Green IT initiative saves $2,000 daily in electricity bill for Capitol Hill

There are two really big reasons you should care about the greening of the U.S.
Written by Heather Clancy, Contributor

There are two really big reasons you should care about the greening of the U.S. House of Representatives, and of the branch offices associated with Capitol Hill. For one, the IT operations are SO BIG that there are bound to be things that you can learn from their IT team's experiences. The second, maybe more important reason from your person standpoint, is that when Congress saves money, American taxpayers save money. The more administrative costs that can be cut out of running the government, the more likely it is that the money can go to real programs.

Against, this backdrop, it was cool to learn that the House green IT initiative -- one that saved it $2,000 in electricity costs DAILY after just one year -- has just won an IT innovation award as part of the Green Enterprise IT awards presented this week by the Uptime Institute.

I sat through a presentation about the green IT initiative by Jack Nichols, director of enterprise operations for the Office of the Chief Administrative Officer, U.S. House of Representatives. First a sense of the scale here: there are 441 members in the U.S. House and 23-plus committees that are accommodated by this initiative. Overall, there are roughly 10,400 employees across all members, committee and branch office organizations covered by his work.

Nichols said the impetus for his green It project were several: First, the data center supporting the House was very near capacity from a space and power standpoint. As a result, his organization was constrained as far as new services it was able to offer. There was also the little matter of the Green the Capitol effort, which (among other things) aims to cut energy consumption by 50 percent over the next 10 years within the Congressional operations.

It won't astonish you to hear that Nichols' team relied on a combination of data center virtualization, consolidation and rightsizing to pull off the power consumption reduction that I've already mentioned. It also optimized the cabling and sub-floor air flow metrics. Here are some quick stats:

  • The group reduced approximately 85 Windows-based product servers down to 8 host servers. It now only has 12 Unix servers, down from 35, and it reduced 180 test servers down onto a single rack.

  • The number of computer room air-conditioning units was cut to 6 units from 14 units at the start of the consolidation.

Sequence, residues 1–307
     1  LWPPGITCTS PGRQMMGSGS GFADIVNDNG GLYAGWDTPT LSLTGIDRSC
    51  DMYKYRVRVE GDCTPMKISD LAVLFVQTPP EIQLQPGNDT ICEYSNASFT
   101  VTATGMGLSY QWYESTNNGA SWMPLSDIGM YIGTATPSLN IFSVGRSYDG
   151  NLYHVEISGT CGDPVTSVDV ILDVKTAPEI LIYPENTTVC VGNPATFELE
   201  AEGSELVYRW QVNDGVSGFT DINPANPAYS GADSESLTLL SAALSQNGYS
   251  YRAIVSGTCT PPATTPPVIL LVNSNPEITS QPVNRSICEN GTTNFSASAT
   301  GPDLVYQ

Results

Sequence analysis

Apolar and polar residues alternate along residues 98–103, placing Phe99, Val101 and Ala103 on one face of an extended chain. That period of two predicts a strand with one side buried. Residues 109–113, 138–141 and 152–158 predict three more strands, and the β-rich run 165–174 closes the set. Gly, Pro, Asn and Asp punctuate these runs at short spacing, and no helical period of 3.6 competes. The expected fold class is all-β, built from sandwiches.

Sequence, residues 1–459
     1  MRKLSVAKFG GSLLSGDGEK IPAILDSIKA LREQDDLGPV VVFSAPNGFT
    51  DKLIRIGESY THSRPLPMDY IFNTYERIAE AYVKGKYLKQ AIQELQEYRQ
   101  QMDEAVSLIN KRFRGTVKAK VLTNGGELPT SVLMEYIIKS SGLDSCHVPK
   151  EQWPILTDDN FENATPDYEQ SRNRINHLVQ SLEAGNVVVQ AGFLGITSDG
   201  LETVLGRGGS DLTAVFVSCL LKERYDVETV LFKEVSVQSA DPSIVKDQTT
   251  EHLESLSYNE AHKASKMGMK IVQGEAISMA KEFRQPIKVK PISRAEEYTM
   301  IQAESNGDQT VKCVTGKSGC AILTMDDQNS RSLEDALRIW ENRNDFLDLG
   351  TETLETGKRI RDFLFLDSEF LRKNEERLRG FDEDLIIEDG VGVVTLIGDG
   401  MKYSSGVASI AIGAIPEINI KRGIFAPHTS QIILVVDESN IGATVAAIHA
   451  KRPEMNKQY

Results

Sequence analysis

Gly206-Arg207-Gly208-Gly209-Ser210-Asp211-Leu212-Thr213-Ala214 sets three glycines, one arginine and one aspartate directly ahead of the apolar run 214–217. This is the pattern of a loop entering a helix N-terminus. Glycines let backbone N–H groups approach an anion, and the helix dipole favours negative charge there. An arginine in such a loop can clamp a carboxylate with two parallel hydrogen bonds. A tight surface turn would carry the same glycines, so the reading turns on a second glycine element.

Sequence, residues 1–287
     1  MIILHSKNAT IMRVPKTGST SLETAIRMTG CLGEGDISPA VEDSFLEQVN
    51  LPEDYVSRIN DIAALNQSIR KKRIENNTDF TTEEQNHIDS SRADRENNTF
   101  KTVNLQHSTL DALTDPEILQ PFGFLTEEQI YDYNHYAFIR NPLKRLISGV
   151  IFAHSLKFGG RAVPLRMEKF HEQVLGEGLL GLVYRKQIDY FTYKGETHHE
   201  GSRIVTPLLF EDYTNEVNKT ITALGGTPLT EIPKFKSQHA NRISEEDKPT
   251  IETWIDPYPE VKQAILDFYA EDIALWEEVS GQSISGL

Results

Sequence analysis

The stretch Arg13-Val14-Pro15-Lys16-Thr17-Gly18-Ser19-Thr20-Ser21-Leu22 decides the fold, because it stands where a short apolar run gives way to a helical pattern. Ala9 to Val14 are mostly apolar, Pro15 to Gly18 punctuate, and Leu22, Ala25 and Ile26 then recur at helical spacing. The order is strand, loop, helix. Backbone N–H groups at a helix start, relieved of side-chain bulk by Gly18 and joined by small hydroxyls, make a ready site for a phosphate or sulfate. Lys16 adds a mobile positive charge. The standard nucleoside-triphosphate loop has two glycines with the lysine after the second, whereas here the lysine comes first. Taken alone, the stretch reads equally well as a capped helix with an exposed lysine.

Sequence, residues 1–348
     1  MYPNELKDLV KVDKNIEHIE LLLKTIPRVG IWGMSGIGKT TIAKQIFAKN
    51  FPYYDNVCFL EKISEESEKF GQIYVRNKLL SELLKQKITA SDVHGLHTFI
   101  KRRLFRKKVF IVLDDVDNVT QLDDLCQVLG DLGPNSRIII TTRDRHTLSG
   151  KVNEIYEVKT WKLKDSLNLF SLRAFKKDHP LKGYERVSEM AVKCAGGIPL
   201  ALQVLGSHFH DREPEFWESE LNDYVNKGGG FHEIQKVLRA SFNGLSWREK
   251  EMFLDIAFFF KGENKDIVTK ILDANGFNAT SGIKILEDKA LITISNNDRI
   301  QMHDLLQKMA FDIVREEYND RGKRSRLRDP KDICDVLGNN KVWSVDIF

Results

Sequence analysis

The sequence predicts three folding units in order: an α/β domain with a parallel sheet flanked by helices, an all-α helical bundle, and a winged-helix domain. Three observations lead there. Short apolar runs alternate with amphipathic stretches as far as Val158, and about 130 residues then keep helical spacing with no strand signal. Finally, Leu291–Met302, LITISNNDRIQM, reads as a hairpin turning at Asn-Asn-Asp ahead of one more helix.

• The data center IT equipment now consumes 125 kilowatts, down from 500 kilowatts (that's $1,000 in savings per day, according to Nichols)

  • Power consumed by the cooling units was reduced to less than 350 kilowatts from 750 kilowatts (another $1,000 daily in electricity bill savings).

Here are some tips from Nichols for those of you undertaking similar initiatives as a green IT exercise:

  1. Baseline your infrastructure: Take time to measure utilization. In the case of the House data center, some servers were utilized only 5 percent.
  2. Balance the mathematical promise of virtualization against business application value: Nichols reminds IT managers that they need to spend time understanding the value of certain applications and pick battles you're like to win easily rather than focus on technologies that may be harder to justify changing.
  3. Don't underestimate the impact of rightsizing: While it's great to standardize on a minimal number of server configurations, this can result in over-provisioning.
  4. Involve key stakeholders early and often: Not only do you need their buy-in to move forward, but you can make THEM look like the heroes in the consolidation. You might also come across new services that are made possible by your consolidation. For example, the House data center is now being used to consolidate some of the IT functions of the branch offices (think "cloud" services), which is like to result in another wave of efficiency.
  5. Be prepared to redefine traditional IT roles: If your network administrators, server team, security engineers and storage specialists are working in their own siloes, you will not be able to realize the full potential of a green IT effort.

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